Enactment of the Commodity Futures Modernization Act brings a new regulatory framework to America’s $80 trillion derivatives and futures markets. The focus to date has been on the law’s repeal of an 18-year-old prohibition against futures contracts on individual stocks.

Less remarked upon — but no less important — is that the law opens the way for the convergence of derivatives and futures trading with one of the most powerful technological innovations in commerce today: business-to-business online marketplaces.

Now for the first time, firms that seek to manage risks or increase liquidity using derivative or futures instruments will also be able to capture the benefits of instant, direct-access, real-time pricing and market transparency that Internet-based trading platforms enable. Moreover, those businesses that now procure or sell goods through e-marketplaces will be able to protect against price volatility through the purchase of derivatives products specifically geared to online exchanges.

The Commodities Futures Trading Commission, the agency that will enforce the new regulatory framework, wasted no time. Within a day of enactment, the CFTC granted approval to onExchange Inc., of Waltham, Mass., as the first fully regulated, direct-access electronic derivatives and futures exchange.

With the agency’s nod, onExchange is first in the race to establish a thoroughly new approach to trading and clearing regulated futures, as well as spot, forwards, and swaps instruments — all on a single, straight-through-processing platform that offers real competitive advantages in terms of credit management, financial and market integrity, liquidity, and price transparency.

The need to overhaul the derivatives market’s regulatory framework has grown increasingly urgent in recent years as the traditional trading floors in Chicago and New York have begun to lose market share to foreign competitors that were deploying new technologies and were unfettered by the outdated rules governing the U.S. marketplace.

Recognizing the competitive threat to the United States as the epicenter of this huge marketplace, the CFTC set about reforming the regulatory regime along the lines ultimately adopted by Congress. The framework fosters innovation and the development of new markets and products, while permitting the traditional exchanges to move in new directions.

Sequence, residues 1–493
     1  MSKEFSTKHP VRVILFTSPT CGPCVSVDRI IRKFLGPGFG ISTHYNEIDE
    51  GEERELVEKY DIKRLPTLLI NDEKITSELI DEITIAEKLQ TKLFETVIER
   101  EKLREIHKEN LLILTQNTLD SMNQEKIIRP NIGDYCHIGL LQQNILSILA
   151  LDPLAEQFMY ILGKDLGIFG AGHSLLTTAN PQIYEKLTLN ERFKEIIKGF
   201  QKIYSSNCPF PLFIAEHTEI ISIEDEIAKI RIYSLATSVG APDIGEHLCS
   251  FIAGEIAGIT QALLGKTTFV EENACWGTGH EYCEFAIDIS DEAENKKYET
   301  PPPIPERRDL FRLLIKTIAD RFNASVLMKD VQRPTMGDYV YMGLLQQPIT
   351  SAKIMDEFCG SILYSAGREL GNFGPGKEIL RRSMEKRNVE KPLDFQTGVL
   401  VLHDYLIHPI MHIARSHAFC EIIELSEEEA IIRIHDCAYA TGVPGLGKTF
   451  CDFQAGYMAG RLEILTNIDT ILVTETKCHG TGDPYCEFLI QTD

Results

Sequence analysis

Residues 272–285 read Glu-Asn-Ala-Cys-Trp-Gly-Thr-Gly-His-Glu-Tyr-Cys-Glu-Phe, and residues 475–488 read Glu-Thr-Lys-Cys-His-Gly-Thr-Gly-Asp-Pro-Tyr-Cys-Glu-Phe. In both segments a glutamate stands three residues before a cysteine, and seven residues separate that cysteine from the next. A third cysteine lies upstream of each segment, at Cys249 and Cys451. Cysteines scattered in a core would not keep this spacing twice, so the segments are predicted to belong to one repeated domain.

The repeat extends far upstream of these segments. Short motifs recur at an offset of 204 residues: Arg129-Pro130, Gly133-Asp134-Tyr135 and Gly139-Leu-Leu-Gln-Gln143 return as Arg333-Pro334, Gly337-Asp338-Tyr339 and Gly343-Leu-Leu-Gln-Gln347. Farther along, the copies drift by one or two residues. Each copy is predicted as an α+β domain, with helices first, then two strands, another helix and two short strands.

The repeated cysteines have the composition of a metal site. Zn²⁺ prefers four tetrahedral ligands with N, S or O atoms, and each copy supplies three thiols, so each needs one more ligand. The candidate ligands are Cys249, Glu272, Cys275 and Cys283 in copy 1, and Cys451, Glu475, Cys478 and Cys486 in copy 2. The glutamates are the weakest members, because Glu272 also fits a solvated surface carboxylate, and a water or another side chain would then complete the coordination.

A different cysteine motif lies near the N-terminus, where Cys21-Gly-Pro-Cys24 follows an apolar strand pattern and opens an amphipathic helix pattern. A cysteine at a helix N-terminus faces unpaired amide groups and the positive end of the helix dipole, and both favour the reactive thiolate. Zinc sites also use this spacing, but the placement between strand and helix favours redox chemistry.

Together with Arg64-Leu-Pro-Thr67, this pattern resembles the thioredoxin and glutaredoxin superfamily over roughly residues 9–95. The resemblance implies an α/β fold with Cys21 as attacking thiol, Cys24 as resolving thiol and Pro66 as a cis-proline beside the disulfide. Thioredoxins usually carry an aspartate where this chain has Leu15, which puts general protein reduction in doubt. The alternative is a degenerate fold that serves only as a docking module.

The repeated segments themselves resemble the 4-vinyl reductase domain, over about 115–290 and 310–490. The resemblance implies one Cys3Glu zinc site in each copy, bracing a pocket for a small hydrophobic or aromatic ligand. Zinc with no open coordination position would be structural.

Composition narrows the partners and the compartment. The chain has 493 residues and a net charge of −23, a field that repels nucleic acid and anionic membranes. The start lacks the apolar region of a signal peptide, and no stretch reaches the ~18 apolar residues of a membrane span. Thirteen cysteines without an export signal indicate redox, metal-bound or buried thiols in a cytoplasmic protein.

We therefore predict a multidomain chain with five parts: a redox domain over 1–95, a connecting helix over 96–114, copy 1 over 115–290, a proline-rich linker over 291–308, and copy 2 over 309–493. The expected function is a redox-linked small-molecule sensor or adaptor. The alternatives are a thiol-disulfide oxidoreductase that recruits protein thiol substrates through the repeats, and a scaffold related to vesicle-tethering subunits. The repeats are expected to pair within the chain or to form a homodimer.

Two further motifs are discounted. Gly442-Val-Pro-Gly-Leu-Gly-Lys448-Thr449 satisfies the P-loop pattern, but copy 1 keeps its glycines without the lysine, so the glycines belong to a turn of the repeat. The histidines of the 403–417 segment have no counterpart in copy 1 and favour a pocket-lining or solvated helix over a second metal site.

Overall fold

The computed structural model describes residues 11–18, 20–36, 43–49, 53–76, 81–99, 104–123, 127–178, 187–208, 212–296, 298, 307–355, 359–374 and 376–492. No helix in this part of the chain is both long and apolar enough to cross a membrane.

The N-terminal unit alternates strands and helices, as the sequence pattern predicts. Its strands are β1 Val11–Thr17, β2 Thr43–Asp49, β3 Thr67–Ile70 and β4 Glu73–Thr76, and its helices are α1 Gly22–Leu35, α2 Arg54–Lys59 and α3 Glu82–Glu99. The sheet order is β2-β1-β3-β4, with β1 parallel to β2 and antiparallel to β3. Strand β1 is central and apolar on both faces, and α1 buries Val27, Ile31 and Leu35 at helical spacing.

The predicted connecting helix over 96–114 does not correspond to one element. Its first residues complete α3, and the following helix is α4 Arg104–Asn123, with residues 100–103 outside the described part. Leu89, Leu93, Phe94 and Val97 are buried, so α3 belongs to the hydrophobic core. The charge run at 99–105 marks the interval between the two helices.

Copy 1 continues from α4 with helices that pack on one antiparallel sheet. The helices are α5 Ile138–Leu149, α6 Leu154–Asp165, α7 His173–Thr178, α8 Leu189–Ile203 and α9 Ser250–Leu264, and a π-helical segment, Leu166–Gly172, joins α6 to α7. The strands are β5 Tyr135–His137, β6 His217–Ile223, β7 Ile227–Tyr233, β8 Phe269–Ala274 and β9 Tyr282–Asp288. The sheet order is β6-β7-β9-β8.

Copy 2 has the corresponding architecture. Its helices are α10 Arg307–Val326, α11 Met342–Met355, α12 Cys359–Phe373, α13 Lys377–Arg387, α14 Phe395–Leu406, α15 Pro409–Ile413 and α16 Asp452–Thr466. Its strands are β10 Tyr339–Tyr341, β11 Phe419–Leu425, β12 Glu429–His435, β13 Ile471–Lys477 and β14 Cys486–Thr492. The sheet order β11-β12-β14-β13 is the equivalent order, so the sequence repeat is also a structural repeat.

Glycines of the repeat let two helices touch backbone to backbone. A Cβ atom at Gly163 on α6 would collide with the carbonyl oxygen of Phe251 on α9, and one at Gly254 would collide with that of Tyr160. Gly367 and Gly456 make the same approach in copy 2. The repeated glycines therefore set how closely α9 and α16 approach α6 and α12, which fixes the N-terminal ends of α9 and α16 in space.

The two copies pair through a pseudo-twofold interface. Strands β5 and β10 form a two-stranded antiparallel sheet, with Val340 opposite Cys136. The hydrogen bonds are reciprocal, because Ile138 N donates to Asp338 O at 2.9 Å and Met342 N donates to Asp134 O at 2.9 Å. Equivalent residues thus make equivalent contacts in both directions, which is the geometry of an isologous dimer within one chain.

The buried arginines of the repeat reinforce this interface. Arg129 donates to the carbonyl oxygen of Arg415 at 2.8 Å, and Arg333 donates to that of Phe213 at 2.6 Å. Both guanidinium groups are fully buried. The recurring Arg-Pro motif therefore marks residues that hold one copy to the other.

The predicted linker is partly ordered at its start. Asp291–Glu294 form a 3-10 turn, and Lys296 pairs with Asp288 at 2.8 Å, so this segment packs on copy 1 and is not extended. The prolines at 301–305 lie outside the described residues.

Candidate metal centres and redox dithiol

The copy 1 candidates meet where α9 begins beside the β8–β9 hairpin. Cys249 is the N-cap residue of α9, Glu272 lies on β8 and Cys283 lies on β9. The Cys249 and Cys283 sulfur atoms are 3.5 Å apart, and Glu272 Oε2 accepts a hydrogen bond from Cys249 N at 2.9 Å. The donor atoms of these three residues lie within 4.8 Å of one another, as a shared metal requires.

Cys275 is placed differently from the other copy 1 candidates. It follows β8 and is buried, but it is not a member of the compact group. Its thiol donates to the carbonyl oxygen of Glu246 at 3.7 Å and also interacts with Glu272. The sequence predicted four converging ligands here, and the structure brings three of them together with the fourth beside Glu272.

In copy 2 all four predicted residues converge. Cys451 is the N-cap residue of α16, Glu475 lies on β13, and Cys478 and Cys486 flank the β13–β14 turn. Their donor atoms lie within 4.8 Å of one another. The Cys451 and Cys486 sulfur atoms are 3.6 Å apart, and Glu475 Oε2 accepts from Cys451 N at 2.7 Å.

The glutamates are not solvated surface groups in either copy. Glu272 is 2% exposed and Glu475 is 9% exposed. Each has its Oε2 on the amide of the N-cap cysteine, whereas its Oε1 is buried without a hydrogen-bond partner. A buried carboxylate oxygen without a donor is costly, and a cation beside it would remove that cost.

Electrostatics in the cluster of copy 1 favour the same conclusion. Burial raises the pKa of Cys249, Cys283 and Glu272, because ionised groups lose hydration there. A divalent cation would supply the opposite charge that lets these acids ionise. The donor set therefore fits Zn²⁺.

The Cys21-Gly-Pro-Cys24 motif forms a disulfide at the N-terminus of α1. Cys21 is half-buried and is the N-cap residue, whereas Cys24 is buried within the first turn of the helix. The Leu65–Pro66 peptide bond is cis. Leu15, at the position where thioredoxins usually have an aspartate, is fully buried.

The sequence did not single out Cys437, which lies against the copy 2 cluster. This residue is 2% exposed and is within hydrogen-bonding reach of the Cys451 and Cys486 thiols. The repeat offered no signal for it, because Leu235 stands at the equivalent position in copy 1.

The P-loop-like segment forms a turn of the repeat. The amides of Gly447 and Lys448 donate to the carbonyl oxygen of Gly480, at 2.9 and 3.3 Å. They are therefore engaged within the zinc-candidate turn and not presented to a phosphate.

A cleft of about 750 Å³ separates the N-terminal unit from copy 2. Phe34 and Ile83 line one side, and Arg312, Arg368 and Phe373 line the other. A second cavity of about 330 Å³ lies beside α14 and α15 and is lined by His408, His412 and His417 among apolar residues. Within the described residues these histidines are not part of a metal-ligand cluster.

The new law is a remarkably nuanced structure for financial regulation, one that is centered around core principles that are flexible enough to be responsive to the wide range of products being traded, the many new products being continuously developed, and the varying degrees of sophistication of participants in the market.

The new law translates this policy goal of flexibility into a tiered regulatory structure, providing different levels of scrutiny and regulatory rigor for the different types of markets on which derivatives can now be traded, and the different kinds of customers each of those markets will serve.

At one end of the spectrum are traditional, trading-floor exchanges, which will be subject to the highest level of scrutiny. At the same time, the exchanges will have broader scope to trade new products — individual stock futures, for example — both to institutional and retail customers. These changes can be expected to increase market volumes considerably.

At the other end will be something new — the Exempt Trading Facility — that will be almost entirely deregulated but restricted both in the products it can trade (no agricultural products or stock futures, or financial futures) and in limiting participation to principal-to-principal transactions among institutional and high-net-worth individual participants.

Between these two ends of the regulatory spectrum is another new category — the Derivatives Trading Execution Facility — that will require CFTC authorization to operate, but will be empowered to do so under rules that amount largely to self-regulation.

Given the new regulatory framework’s subtle distinctions between different kinds of trading facilities, products, and market participants, it is certain that issues of interpretation and the need for fine-tuning will arise as the marketplace adapts to its new environment. On the other hand, America’s derivatives and futures market appears poised for a surge of innovation and growth as participants discover the opportunities the new law will unleash.

One business that certainly stands to benefit is B-to-B online procurement, as new specialized products emerge that will enable firms to manage price swings in the online marketplace, lock in long-term price and supply, and increase leverage.

While no one can predict with precision the direction this dynamic market will take under its new regulatory structure, it is very likely this law will prove to be an important building block in the business and financial infrastructure that makes electronic commerce both viable and beneficial.

Mr. Miller of counsel in White & Case's New York office, represented onExchange Inc. before the Commodities Futures Trading Commission in its application for regulatory approval as an electronic derivatives and futures exchange.

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